Massey Klein Gallery is pleased to announce, No Friends, a solo exhibition of new paintings and drawings by Eric Helvie. This is his fourth show with the gallery. The exhibition will be on view from March 19th through May 1st with an opening reception on Sunday, March 21st from 12-5pm.
No Friends, presents an entirely new series of portraits that explore and develop a group of Helvie’s earliest works.
“The idea for the No Friends series started back in 2006,” Helvie says, “I was young, living in a small town and wanted to make ten photorealistic portraits, one of each of my close friends and call the series, Ten Friends. Then my friend Matt Hawke told me to read Philip K. Dick and Kurt Vonnegut and a vast weirdness began to set in. I’d sit down to paint someone as realistically as I could and things would distort. The faces began to look more plastic and in some cases the eyes were missing altogether. I can’t blame it all on the science fiction though. I think a lot of it had to do with my limited ability as a young painter. I wanted to make things “look real” and I couldn’t do it. So somehow the answer was to just let go and allow the sci-fi to take over.”
Helvie continued to use his friends as the subjects but he says it wasn’t about them anymore.
“Instead of ten friends, all of a sudden I had ten portraits that seemed to be not quite human and not completely ok. I started to think of them as humanoid creatures locked into parasitic relationships, the kind of relationships where their energy was constantly being drained away. So I called the series Portraits and Parasites, printed a little catalogue and that was that. I moved to New York in 2009, couch surfed, showed those early portraits in a small group show at a tiny gallery in Williamsburg and thanks to an introduction through my friend Jeremiah Wilson and an insane stroke of luck, sold most of them and used the money to get an apartment. Then I started to make different paintings. I moved on.”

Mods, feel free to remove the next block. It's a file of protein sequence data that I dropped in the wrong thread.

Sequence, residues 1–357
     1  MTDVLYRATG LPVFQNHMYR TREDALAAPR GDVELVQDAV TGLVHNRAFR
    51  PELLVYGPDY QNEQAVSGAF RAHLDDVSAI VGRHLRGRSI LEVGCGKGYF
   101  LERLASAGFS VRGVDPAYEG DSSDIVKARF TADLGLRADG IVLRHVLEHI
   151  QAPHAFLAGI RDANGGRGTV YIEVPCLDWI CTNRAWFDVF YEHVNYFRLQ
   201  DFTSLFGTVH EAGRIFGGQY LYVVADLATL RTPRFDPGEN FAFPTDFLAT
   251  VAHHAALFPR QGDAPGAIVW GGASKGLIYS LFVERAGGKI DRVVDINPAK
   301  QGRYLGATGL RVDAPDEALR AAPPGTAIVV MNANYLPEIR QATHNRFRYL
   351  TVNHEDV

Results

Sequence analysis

“But, late in 2019 and at the beginning of 2020 I began to look back at those old portraits. I visited my friend and collector in LA who bought a few of those first works. He still displays them in his living room. I went to my friend Casey Brooks’ house. She’s an incredible photographer and film director who I’ve know since we were teenagers. She shot the work for the Portraits and Parasites catalogue. I didn’t have any money to pay her back then so I gave her one of the portraits and she still has it displayed in her apartment in Queens.”
“So I started to wonder what would happen if I began to make those portraits again. What would happen if I revisited that headspace and refreshed it. I ran a few tests, played around a bit and suddenly it was as if a dam burst. The works felt like they were making themselves. I was holding the brush or the pencil but the drawings and paintings were calling the shots. And, the entire time I was thinking about how everything started with the idea to paint ten friends, but, it never worked out so, No Friends, I guess.”
Eric Helvie was born in 1984 in Portland, Oregon. His work deals directly with the act of seeing, obsessive looking, and optical ambiguity. Pulling from art history, television and film, his paintings act as props and icons: objects that glean meaning from their context and point to a larger system of understanding. His work is held in numerous private collections.